II. as to form, -at and -a both occur, as skal-a and skal-at, mon-a and mon-at; -a is preferred when the next word begins with a consonant, -at when it begins with a vowel; but they are often used indiscriminately.

2. after a vowel inflexion the vowel of the suffix is dropped, and -t (-ð, -þ) remains, as áttu-ð, vitu-ð (nescitis), eigu-t (non habent), standa-t (non stant); yet in a few instances -a is used, but the hiatus sounds ill, e.g. biti-a, renni-a, skríði-a, all from Hkv. 2. 30, 31; væri-a, Mork. 37, Bkv. 8; kœmi-a (non venial), Gs. 10; urðu-a (non fiebant), Gh. 3:—in verbs with characteristic j it appears, thus þegj-at-tu (ne taceas), segj-at-tu (ne dicas), eggi-a (ne horteris), Sdm. 32; teygj-at, id.; kvelj-at (kill not), Völ. 31; leti-at (ne retineat), Skv. 3. 44:—in verbs ending in a long vowel the a is not dropped, e.g. kná-at (cannot), á-at (ought not), sá-at (saw not).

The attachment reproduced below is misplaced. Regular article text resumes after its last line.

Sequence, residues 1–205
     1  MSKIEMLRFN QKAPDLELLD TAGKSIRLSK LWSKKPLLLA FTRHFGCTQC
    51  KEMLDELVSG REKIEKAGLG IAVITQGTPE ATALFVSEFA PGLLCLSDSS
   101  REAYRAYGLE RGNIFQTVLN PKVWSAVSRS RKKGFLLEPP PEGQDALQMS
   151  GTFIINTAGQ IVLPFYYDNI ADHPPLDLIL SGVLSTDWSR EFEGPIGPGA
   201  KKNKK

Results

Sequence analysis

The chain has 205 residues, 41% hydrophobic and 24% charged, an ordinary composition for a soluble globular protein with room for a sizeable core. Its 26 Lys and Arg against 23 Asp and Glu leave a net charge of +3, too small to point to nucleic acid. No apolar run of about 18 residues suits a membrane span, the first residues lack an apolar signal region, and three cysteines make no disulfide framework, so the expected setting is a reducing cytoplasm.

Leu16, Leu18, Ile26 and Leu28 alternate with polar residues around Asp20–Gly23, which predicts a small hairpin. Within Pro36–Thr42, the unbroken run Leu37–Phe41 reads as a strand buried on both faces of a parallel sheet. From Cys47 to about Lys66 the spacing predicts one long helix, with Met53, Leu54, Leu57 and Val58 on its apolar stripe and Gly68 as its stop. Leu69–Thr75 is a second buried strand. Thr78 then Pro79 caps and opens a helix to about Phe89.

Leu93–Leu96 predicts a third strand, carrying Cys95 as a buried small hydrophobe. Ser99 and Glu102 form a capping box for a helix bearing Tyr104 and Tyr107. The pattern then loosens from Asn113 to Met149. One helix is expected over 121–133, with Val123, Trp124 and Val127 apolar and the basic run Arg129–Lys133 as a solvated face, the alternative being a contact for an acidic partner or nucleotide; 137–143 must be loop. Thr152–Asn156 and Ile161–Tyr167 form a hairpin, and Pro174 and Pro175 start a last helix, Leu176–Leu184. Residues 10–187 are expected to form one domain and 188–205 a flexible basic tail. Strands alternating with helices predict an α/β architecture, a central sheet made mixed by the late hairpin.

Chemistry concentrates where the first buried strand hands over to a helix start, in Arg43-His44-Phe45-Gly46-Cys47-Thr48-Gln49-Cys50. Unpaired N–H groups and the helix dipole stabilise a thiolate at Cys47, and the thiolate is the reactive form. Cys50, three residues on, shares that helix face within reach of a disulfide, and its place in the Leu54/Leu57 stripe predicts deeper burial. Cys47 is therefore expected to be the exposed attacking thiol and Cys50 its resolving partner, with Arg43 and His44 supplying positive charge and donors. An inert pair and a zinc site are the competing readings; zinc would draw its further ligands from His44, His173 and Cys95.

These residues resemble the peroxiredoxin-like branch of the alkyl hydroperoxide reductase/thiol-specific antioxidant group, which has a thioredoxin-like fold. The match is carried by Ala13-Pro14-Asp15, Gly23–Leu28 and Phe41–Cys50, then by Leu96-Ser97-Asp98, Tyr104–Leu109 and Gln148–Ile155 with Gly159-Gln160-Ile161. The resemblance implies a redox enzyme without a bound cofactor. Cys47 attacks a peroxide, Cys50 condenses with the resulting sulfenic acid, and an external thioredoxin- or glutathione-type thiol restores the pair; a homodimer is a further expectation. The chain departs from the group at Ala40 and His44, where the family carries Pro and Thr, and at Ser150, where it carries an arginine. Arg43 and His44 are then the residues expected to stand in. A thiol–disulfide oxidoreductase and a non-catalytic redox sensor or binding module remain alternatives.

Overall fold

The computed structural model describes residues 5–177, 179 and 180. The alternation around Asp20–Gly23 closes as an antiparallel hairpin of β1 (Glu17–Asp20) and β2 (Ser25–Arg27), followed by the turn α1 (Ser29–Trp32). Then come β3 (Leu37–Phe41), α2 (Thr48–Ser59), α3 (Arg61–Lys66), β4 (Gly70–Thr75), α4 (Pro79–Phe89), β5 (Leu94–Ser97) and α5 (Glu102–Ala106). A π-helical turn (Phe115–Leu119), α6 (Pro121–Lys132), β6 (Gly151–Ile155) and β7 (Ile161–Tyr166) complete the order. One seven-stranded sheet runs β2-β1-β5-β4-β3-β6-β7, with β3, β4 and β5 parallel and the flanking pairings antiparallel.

3. in 1st pers. sing. the personal pronoun (-k=ek) is inserted between the verb and suffix, á-k-at, em-k-at, etc.: if the verb ends in gg an assimilation takes place, hykk-at, qs. hygg-k-at (I think not); likk-at, qs. ligg-k-at (non jaceo): after a long vowel the k is even doubled, e.g. sé-kk-at (non video), má-kk-at (non debeo): the pronoun is even repeated, e.g. má-k-at ek, sá-k-at ek, etc.:—in weak dissyllabic forms the inserted k becomes g, stöðvi-g-a, or iterated stöðvigak, bjargi-g-a, Hm. 151, 153; (note also that the inflex. -a of the 1st pers. is here turned into -i, bjargi-g-a, not bjarga-g-a.)